# vector equation of a line

• Jul 2nd 2010, 04:02 AM
Stuck Man
vector equation of a line
A vector equation of a line in symmetric form is either written with =t at the right end usually or omitted. Is this a matter of preference?

Also are the terms symmetric form and Cartesian form referring to the same thing? Is Cartesian form the more professional term?
• Jul 2nd 2010, 08:19 AM
Soroban
Hello, Stuck Man!

The line through the point $\displaystyle (x_1,y_1,z_1)$ with direction $\displaystyle \vec v = \langle a,b,c\rangle$
can be written in two forms:

. . Symmetric form: .$\displaystyle \dfrac{x-x_1}{a} \:=\:\dfrac{y-y_1}{b} \:=\:\dfrac{z-z_1}{c}$

. . Cartesian form: .$\displaystyle \begin{Bmatrix}x &=& x_1 + at \\ y &=& y_1 + bt \\ z &= & z_1+ct \end{Bmatrix}$

Quote:

A vector equation of a line in symmetric form is either written
with = t at the right end usually or omitted.
Is this a matter of preference?

The symmetric form is derived from the Cartesian form.

$\displaystyle \text{Solve the Cartesian equations for }t\!:$

. . $\displaystyle \begin{array}{ccccc}x \:=\: x_1 + at & \Rightarrow & t \:=\:\frac{x-x_1}{a} & [1]\\ \\[-4mm] y \:=\:y_1 + bt & \Rightarrow & t \:=\:\frac{y-y_1}{b} & [2] \\ \\[-4mm] z \:=\:z_1+ ct & \Rightarrow & t \:=\:\frac{z-z_1}{c} & [3]\end{array}$

Equate [1], [2], [3]: .$\displaystyle \dfrac{x-x_1}{a} \;=\;\dfrac{y-y_1}{b} \;=\;\dfrac{z-z_1}{c}$

The $\displaystyle t$ is usually omitted.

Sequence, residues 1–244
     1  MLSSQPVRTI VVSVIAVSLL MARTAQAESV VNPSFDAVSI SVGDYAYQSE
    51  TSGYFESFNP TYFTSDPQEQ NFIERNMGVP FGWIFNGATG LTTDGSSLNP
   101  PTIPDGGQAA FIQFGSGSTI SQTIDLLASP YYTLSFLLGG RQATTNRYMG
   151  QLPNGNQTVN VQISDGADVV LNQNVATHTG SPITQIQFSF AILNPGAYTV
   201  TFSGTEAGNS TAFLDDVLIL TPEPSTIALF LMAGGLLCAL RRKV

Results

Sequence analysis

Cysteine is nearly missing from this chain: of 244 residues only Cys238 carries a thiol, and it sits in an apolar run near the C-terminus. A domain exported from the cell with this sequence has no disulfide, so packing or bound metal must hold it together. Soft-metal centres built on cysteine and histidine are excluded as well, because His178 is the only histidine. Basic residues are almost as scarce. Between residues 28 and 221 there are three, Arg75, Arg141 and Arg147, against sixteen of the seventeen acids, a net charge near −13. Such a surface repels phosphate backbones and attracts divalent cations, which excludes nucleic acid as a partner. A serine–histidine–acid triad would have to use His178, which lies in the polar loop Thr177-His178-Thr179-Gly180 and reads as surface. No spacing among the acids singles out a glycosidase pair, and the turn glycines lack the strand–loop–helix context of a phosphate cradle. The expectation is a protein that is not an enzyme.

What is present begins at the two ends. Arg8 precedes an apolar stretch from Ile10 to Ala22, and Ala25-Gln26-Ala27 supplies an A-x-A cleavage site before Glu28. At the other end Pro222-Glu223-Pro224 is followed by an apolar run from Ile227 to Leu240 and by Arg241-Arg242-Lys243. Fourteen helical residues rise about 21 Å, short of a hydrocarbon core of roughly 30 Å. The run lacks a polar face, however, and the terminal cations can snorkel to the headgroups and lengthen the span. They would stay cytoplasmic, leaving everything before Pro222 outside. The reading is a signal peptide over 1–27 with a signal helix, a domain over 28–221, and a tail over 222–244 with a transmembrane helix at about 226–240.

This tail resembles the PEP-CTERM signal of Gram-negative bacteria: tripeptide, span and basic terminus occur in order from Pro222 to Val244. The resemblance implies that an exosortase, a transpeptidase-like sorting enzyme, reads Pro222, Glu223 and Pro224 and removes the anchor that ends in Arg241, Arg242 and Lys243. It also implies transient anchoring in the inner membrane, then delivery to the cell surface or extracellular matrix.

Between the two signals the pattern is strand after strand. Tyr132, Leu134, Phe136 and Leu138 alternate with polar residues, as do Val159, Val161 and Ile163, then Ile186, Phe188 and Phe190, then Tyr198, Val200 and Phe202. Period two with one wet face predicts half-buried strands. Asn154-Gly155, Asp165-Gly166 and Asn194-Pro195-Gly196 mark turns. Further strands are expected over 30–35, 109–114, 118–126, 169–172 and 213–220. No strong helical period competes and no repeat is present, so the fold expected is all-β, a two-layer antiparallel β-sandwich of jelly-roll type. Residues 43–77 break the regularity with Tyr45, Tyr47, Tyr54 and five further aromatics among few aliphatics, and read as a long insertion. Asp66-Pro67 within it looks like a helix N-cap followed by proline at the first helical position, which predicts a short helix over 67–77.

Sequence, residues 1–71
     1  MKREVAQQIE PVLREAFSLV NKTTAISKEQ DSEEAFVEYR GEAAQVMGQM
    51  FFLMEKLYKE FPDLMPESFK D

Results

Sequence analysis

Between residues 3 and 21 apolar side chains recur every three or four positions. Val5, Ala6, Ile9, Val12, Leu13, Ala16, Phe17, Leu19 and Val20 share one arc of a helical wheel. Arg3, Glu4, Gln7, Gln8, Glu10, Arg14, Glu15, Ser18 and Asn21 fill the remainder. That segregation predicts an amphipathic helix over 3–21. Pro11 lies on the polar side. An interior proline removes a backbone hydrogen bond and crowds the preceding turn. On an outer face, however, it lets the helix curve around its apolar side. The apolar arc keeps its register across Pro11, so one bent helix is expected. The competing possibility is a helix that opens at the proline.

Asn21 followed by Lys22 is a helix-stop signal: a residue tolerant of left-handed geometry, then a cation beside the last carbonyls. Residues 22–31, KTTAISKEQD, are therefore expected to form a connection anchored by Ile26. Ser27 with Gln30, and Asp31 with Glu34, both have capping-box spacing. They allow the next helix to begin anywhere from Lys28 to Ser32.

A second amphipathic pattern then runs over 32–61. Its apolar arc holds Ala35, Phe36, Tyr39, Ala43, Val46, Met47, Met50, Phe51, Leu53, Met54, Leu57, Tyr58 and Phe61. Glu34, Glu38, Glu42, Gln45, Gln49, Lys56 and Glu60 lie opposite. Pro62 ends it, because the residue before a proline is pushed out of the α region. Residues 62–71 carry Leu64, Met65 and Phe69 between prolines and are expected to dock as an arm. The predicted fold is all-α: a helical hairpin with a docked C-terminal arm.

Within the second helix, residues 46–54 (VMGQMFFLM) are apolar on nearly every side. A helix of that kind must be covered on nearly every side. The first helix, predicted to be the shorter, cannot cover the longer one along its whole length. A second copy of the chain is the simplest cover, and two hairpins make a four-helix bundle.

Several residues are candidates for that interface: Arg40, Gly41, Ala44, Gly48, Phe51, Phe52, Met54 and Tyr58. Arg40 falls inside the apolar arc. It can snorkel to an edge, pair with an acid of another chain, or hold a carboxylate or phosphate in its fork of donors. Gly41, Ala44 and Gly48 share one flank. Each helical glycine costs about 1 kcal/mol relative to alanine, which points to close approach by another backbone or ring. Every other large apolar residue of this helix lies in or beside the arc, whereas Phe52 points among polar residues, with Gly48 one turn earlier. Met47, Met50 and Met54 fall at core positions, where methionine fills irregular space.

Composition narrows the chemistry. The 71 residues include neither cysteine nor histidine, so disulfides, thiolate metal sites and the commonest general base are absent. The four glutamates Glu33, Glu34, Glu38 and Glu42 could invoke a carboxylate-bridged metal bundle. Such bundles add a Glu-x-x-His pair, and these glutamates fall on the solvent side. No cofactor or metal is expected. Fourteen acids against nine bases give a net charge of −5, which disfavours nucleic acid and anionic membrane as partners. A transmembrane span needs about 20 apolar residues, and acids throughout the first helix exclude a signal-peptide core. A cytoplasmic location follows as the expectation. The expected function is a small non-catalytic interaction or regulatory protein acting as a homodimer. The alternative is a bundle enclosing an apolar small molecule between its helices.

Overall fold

Quote:

Also are the terms symmetric form and Cartesian form referring to the same thing?
Is Cartesian form the more professional term?

Both forms refer to the same line.

The Cartesian form is more convenient for algebraic work.

~ ~ ~ ~ ~ ~ ~ ~ ~ ~ ~ ~ ~ ~ ~ ~ ~ ~ ~ ~ ~ ~ ~ ~ ~ ~ ~ ~ ~ ~

An amusing note . . . well, I think it's funny.

Given the point $\displaystyle (3,1,4)$ and direction $\displaystyle \vec v = \langle5,2,0\rangle$

. . the symmetric equation is: .$\displaystyle \dfrac{x-3}{5} \:=\:\dfrac{y-1}{2} \:=\:\dfrac{z-4}{0}$

This may be the only instance where "division by zero" is defined.

• Jul 2nd 2010, 09:01 AM
Stuck Man
I've seen a couple of books where the Cartesian form is identical to the symmetrical form you have given an example of. What you have called the Cartesian form is the parametric form.

I've noticed that about dividing by zero.
• Jul 2nd 2010, 09:21 AM
Stuck Man
The symmetric form of the line through $\displaystyle (3,1,4)$ with direction vector $\displaystyle \left\langle {5,2,0} \right\rangle$ is $\displaystyle \frac{{x - 3}}{5} = \frac{{y - 1}}{2};~z = 4$